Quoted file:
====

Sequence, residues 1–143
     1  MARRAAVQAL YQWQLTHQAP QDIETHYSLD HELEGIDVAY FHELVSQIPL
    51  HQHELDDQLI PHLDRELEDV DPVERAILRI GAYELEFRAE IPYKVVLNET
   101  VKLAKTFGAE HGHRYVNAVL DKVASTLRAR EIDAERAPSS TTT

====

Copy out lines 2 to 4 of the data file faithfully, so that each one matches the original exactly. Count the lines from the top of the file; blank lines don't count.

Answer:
     1  MARRAAVQAL YQWQLTHQAP QDIETHYSLD HELEGIDVAY FHELVSQIPL
    51  HQHELDDQLI PHLDRELEDV DPVERAILRI GAYELEFRAE IPYKVVLNET
   101  VKLAKTFGAE HGHRYVNAVL DKVASTLRAR EIDAERAPSS TTT